By Claire Obae
- The Zimbabwean government is putting a halt to mobile money and bank lending to prevent the U.S. dollar from taking over as the de facto currency once again
- Currently 400 Zimbabwean dollars is only worth $1
Zimbabwe is blaming the rise in the inflation rate across the country on mobile money, and wants to prevent the U.S. dollar taking over as the de facto currency once again. The country has declared a ban on lending by banks, shutdowns of fintechs and strict requirements on the use of mobile money in a bid to give the local currency a standing chance. In March, the local currency was trading at 210 Zimbabwean dollars for $1 and now at 400 Zimbabwean dollars for $1.
Why This Matters: Mobile money has been hailed as one of the most successful innovations in Africa. It is also one of the most innovative ways to bring financial inclusion to the unbanked and under-banked, something that Zimbabwe definitely needs.Given that Zimbabwe’s economy is still recovering from years of hyperinflation and currency collapse that saw its own currency virtually wiped out, the introduction of foreign currency has been instrumental in the growth of several sectors in the economy.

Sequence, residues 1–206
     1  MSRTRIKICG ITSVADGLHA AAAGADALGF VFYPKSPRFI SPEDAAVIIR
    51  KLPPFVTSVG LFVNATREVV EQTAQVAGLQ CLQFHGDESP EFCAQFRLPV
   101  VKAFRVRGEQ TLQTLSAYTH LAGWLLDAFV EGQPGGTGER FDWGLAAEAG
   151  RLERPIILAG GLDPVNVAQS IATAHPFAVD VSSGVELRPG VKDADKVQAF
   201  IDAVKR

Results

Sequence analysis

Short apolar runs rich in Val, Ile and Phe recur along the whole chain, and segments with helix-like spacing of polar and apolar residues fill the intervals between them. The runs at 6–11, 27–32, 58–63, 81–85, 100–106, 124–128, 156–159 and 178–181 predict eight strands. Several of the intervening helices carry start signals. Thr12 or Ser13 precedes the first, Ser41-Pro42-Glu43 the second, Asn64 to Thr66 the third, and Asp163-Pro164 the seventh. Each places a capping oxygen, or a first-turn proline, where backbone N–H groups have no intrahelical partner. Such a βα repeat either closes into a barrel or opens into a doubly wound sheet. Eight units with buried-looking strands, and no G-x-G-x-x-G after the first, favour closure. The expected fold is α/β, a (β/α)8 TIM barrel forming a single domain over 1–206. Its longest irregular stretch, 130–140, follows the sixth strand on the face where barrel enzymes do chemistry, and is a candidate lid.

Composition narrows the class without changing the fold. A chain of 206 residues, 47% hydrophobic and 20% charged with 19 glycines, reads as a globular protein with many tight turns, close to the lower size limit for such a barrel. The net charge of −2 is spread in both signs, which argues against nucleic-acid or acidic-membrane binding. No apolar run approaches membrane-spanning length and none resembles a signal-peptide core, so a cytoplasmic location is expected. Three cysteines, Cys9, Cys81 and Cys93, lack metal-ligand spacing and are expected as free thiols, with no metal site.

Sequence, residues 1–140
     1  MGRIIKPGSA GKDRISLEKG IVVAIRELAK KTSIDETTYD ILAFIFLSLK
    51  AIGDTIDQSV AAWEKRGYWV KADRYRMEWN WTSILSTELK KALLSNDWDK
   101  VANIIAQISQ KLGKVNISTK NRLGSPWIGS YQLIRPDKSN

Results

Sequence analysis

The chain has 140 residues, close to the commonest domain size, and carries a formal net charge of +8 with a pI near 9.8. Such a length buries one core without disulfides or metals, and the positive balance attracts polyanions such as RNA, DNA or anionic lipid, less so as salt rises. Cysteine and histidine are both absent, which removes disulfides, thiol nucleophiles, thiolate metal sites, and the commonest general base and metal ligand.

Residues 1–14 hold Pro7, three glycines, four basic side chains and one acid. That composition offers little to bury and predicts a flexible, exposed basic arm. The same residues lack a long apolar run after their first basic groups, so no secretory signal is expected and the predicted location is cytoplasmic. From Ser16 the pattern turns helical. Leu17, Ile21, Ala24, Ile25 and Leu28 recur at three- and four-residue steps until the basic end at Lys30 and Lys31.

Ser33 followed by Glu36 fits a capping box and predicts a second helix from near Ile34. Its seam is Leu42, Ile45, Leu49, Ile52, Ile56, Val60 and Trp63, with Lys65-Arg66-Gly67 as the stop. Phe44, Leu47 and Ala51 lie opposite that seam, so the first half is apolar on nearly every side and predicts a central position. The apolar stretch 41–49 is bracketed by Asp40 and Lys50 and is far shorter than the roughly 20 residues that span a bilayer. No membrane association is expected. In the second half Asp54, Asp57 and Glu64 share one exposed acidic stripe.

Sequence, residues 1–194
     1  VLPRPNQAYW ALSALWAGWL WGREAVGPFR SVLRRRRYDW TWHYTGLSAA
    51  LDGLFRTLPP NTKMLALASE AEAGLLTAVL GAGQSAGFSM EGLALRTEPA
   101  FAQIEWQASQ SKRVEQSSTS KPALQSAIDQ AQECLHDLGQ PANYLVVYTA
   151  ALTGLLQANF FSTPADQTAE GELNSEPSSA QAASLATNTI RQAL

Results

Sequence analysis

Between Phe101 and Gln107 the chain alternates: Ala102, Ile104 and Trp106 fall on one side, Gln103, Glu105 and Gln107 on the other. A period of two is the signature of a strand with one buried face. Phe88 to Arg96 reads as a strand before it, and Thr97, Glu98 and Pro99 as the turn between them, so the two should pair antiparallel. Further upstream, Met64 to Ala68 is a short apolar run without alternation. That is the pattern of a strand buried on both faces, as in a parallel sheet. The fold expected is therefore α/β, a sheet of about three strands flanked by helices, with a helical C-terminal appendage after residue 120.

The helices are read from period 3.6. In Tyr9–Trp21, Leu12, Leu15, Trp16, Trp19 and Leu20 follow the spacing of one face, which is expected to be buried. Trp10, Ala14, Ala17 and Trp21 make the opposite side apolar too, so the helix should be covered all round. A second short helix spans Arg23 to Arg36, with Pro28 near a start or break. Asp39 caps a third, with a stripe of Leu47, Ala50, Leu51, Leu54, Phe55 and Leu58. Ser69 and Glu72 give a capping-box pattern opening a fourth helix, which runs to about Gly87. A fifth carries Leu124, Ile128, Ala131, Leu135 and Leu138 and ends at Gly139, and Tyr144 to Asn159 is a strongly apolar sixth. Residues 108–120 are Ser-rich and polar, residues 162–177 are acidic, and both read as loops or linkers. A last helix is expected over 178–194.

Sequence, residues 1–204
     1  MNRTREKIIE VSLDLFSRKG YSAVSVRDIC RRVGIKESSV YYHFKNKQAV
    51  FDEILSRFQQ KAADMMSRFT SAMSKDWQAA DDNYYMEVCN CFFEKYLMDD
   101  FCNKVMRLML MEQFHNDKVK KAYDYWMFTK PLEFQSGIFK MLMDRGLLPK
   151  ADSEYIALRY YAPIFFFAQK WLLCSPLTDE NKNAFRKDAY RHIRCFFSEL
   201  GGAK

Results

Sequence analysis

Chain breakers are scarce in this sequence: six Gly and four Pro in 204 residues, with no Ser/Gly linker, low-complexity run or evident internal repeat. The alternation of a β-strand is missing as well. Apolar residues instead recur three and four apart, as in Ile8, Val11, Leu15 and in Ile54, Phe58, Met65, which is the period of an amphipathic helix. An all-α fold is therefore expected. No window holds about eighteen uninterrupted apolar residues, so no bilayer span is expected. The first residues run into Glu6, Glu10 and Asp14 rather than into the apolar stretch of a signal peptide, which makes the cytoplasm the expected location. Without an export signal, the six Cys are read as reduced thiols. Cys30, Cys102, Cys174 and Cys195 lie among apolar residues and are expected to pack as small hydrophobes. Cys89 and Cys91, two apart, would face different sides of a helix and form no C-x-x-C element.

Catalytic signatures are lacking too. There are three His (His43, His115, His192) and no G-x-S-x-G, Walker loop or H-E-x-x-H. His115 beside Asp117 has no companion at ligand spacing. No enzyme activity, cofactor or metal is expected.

Here are the facts; the Zimbabwean dollar is worthless and has been for years. Herein lies the problem for the country, its government has printed too much money, causing inflation and devaluation of the currency to such an extent that people can’t buy food or other essentials with it anymore. The economy is gearing up for even tougher times ahead with no foreign currency reserves.
Regulating mobile money is less likely to boost the local currency. The Zimbabwean dollar has been on a downward spiral in a short span of time. The regulations will not stop the transactions, as the dollar’s dominance is so entrenched that a lot of its citizens are willing to pay a hefty price to secure U.S. dollars to survive.
What’s Next: With the various bans and restrictions, Zimbabwe is on the verge of a collapse as investors set shop elsewhere. The country is likely to face even higher levels of poverty and unemployment.
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